On Monday March 13 experts on Multidimensional Poverty gathered together at Los Andes University in Bogotá Colombia to discuss the impact that the National Multidimensional Poverty Index has had on the design and implementation of Social Policies in the country. This seminar was part of the Course on Multidimensional Poverty Analysis organised by Oxford Poverty and Human Development Initiative (OPHI) in collaboration with Los Andes University, the Department of Social Prosperity (DPS) and the Organization of American States (OAS), during the week of March 13 to 18 in Bogotá Colombia.
Experts on Multidimensional Poverty in Colombia gathered together on the 13th of March, with the objective to participate in the seminar “Multidimensional Poverty Index: Its impact on Social Policy in Colombia”. The seminar was part of the Course in Multidimensional Poverty that took place from the 13th to the 18th March. More than 45 participants from 12 countries in Latin America were part of this event. This seminar was organised by Los Andes University in collaboration with Oxford Poverty and Human Development Initiative (OPHI) and the Department of Social Prosperity (DPS) in Bogotá, Colombia.
The seminar had presentations from Sabina Alkire Director of OPHI, Nemesio Roys Director of DPS, Mauricio Perfetti, Director of the National Statistics Department (DANE), Luis Fernando Mejía, subdirector of the National Planning Department (DNP) and Roberto Angulo, independent consultant and research associate from OPHI. More than 200 people attended the seminar, including students, academics, public servants and members of the general public.
The seminar started with a presentation from Sabina Alkire, who presented the importance of having national multidimensional poverty measures, how these can be used to monitor social policies, redistribute resources, target populations or give priority to different social needs. Additionally, Alkire presented the Global MPI and how using the results from this analysis it is easier to understand the characteristics of multidimensional poor people around the world.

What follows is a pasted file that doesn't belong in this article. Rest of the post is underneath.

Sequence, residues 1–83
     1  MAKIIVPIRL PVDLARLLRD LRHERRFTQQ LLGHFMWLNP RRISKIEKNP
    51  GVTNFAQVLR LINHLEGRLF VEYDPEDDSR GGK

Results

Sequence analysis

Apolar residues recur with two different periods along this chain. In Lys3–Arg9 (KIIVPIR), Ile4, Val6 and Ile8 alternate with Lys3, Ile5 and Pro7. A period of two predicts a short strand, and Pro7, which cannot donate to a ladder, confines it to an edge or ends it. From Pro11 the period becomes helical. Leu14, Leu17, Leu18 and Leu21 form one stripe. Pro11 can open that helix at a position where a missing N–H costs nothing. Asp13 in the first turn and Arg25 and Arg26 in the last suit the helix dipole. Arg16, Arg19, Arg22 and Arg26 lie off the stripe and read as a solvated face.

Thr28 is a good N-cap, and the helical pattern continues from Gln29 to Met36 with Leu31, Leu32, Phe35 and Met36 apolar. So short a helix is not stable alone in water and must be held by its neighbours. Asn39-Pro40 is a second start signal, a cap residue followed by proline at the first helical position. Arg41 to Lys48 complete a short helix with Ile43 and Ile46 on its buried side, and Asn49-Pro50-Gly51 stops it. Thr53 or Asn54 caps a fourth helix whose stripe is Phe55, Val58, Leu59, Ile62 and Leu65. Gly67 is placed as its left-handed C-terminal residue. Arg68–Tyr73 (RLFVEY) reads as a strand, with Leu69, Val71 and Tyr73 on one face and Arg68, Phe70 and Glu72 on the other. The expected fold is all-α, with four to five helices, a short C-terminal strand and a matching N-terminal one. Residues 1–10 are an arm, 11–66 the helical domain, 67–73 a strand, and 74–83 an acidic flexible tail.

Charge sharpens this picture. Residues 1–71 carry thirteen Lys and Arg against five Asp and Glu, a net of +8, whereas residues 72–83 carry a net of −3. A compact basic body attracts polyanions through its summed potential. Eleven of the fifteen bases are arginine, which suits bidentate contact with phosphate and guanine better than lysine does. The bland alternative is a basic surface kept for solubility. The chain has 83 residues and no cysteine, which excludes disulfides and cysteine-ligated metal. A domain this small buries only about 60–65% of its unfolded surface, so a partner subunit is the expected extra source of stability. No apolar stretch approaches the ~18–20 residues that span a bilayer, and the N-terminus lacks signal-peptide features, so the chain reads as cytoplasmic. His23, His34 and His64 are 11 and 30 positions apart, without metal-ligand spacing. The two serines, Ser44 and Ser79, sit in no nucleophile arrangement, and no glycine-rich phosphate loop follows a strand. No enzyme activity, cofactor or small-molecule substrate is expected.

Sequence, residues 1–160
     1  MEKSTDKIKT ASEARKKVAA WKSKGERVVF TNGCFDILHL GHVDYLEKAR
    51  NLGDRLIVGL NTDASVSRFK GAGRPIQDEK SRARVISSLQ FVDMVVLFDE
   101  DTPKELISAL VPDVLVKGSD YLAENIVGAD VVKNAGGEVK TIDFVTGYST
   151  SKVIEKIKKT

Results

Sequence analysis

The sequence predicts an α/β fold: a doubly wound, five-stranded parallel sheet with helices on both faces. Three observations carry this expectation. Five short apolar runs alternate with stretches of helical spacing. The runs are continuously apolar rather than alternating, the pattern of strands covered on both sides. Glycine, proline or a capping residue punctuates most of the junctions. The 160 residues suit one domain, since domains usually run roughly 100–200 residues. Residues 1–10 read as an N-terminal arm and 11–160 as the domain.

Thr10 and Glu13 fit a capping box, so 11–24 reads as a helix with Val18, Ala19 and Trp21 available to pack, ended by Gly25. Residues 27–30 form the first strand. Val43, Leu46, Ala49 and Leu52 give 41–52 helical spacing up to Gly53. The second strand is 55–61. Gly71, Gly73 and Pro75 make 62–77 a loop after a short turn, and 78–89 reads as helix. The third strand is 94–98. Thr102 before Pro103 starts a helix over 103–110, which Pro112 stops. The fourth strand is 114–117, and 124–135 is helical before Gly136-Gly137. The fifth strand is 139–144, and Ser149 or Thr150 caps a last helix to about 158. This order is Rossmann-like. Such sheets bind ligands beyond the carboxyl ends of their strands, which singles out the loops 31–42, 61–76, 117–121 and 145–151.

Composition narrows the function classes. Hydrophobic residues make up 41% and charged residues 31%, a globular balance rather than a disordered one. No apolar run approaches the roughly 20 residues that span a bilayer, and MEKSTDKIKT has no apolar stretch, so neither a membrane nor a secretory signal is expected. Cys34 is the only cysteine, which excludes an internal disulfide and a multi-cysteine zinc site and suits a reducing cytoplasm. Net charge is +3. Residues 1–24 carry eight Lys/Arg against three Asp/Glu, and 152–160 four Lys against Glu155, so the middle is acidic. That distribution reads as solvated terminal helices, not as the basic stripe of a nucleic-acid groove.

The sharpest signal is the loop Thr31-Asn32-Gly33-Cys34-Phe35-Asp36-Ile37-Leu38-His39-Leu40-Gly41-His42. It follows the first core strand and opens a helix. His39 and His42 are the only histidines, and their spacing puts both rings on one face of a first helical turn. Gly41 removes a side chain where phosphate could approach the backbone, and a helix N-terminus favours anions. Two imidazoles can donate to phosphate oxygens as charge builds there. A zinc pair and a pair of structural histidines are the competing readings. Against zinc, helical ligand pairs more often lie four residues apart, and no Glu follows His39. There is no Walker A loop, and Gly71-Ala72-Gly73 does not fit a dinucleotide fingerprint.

Colombia is one of the few countries to have presented a report were the MPI was explicitly mentioned as a tool to monitor social policy to fulfil the Sustainable Development Goals
Then Nemesio Roys presented how the DPS uses the information provided by the MPI to redistribute resources and prioritise social policies at the local level. Also, how the MPI has been calculated with the objective to target multidimensional poor households so that they can get access to strategies to reduce poverty in Colombia.
After this presentation a panel of experts took place. The panellists included Mauricio Perfetti, Luis Fernando Mejia, Nemesio Roys and Roberto Angulo. Sabina Alkire was the moderator. The panel started with the intervention of Mauricio Perfetti, who discussed how the process of calculating the MPI has been and how transparency plays a major role. He mentioned the existence of an experts committee, which has a main task to validate the methodology and to guarantee the transparency of the figures.
In addition, Perfetti mentioned the importance of having a multidimensional poverty measure at the international level. In this context, Colombia is one of the few countries to have presented a report were the MPI was explicitly mentioned as a tool to monitor social policy to fulfil the Sustainable Development Goals. The next panellist was Luis Fernando Mejía, who presented how the MPI has been articulated to the National Development Plan and is an instrument to facilitate the design of social policies in Colombia. He also mentioned some of the challenges that the MPI has had in the country, some of which are related to the representativeness of the results and how it does not reveal what happens at the local level. As a consequence the DNP has calculated an MPI using data from the SISBEN (survey to targeting beneficiaries of social programmes).
The presentation of Nemesio Roys highlighted how Colombia has used the MPI to design programmes to respond to the specific needs of the population, he also emphasised the need for the MPI to be calculated over time and be resistant to changes in government.
Finally Roberto Angulo discussed some of the reasons why the MPI in Colombia has had a positive effect on social policy, and this is mainly by the inclusion of the MPI in the National Development Plan. Angulo also mentioned how effective Colombia has been in the reduction of multidimensional poverty and that the MPI has facilitated the design of policies that aim to reduce poverty in different dimensional aspects that has improved the work between various public sectors.